Ginger's mom succumbed first; she went to bed with a headache and never woke up. Ginger was glad, in a way, that it happened like that because her mom didn’t see anyone else suffer. Her brother, who was only five, practically coughed up a lung the next week. He was delirious by the end, and kept asking Superman for help.Of course, he pleas went unanswered.
                              Ginger didn’t know she had so many tears, and her dad cried right alongside her; they were so wrapped up in their grief that they didn’t notice the rest of the world going to hell. The mailman stopped coming, the neighbors didn’t walk their annoying ankle-bitters, and the sound of traffic from the highway puttered out.
                              It wasn’t until her dad spiked a fever that Ginger realized how deep of a shitstorm she was in. She called 911 and no one answered. She banged on her neighbor’s doors, shouting that she need help, but every house she went to was quiet and dark. She drove to town looking for flu remedies, only to end up a spectator as a mob ransacked Walmart. She watched her English teacher beat an old man over the head with a tire iron just to get a pack of Sudafed.
                              By the time she got home—empty-handed—her dad was gone. His wide, glassy eyes stared down at Gulliver’s Travels, his favorite book, for the last time. Part of her was glad he’d died doing something he loved, but part of her was angry he’d left her alone. The child in her was just sad.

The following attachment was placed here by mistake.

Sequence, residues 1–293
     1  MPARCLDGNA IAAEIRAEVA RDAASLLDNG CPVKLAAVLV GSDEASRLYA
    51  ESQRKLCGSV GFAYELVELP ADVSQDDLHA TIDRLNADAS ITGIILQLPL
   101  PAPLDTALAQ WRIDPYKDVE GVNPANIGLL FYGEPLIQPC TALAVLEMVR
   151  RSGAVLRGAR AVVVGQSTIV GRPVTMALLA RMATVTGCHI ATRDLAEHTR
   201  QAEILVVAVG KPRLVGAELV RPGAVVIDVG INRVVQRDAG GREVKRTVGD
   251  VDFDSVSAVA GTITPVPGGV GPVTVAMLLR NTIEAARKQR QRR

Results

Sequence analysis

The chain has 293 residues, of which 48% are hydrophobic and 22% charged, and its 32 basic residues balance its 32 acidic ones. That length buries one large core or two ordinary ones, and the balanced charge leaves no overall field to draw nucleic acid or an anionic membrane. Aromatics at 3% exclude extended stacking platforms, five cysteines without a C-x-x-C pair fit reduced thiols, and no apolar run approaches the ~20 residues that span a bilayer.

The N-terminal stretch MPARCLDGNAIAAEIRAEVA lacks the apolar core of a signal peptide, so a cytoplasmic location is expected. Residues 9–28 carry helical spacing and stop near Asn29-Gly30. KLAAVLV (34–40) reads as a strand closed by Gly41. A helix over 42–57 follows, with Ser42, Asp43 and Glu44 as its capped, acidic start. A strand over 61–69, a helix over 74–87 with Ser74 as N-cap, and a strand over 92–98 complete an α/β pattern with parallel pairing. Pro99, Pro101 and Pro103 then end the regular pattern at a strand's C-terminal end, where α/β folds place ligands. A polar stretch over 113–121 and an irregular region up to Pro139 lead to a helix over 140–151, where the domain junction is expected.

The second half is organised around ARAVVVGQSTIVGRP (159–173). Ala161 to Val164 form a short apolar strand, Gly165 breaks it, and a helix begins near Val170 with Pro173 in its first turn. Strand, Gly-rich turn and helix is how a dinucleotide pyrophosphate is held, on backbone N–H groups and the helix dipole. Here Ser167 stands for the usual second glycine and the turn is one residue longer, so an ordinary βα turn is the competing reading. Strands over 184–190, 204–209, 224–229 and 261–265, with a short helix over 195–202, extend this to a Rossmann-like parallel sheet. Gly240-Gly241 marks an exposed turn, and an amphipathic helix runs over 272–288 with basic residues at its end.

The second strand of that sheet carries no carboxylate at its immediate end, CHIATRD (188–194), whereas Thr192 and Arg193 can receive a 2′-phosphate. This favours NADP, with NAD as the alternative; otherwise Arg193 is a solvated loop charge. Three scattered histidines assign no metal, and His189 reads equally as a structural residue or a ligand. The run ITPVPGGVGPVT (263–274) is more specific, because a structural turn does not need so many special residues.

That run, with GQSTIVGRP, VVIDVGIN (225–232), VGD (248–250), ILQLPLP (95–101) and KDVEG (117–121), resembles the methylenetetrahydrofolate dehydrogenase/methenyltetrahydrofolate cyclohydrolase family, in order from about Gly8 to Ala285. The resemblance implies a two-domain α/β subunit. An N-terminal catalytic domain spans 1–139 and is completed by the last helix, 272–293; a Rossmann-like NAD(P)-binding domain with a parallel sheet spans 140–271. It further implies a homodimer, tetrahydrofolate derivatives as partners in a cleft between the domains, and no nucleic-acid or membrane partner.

Ginger had dropped to her knees in front of him and sobbed. For three days she stayed in the house, until the smell of death and rot permeated her pores. Knowing there was nothing left for her, she packed a bag and left.
                              But death had settled like dust on her town, her family one of many to perish. She drove through the streets, honking her horn like a mad person, hoping that someone—anyone—still survived. But no one peeked out from behind lace curtains or yelled at her to stop making such a racket. Eventually, even her car’s horn died.
                              She went to her best friend’s house, but couldn’t make herself go inside when no one answered the doorbell. Instead, she got back in her car and drove to the grocery store. The windows were broken and jagged glass gaped around the edges like teeth. She hopped inside and wandered the dark isles; nothing but the medicine section was disturbed.
                              Rows and rows of food sat before her, neatly stacked on shelves and boxed like delicious presents. Hers alone for the taking. A last bit of luck. A morbid gift from the universe—an apology for leaving her alive while the rest of humanity perished.

Saturday, February 27, 2016

Saturday Short Story: Anything But A Wake



When someone dies, everyone who knew them stinks of death.
Being the only kid at a wake is like being the only living person in a morgue: slightly creepy and very uncomfortable. But that’s what happens when your dad dies. At least, it’s what happened after my dad died.
 First, the drawn-out stay in the garbage-green hospital “suite”. Gotta love the insurance company’s generosity. The one rickety chair had been shoved into the only space not occupied by beeping machines. Not that dad noticed. His heart attack left him comatose until the end. But I definitely noticed.
I lived in that chair for weeks. I missed Algebra and going to prom just so I could wiggle deeper into the uncomfortable depths of that faux-leather chair and watch as Dad’s skin got paler, his breathing more labored.
So, really, it’s not like I didn’t know it was coming.
But when the vultures descended, that’s when it really hit me.
 Family members I’d never met swooped in and cried over him like his pulse had already stopped. Some brought flower arrangements so gloomy they shouldn’t even be allowed in a cemetery. One lady had the nerve to ask me about his will.